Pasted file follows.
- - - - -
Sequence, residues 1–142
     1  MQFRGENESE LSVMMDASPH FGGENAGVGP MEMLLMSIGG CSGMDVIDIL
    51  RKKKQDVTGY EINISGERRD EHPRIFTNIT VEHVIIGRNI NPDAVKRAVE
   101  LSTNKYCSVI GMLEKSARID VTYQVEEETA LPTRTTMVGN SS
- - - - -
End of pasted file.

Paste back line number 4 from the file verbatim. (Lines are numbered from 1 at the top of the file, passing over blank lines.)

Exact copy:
   101  LSTNKYCSVI GMLEKSARID VTYQVEEETA LPTRTTMVGN SS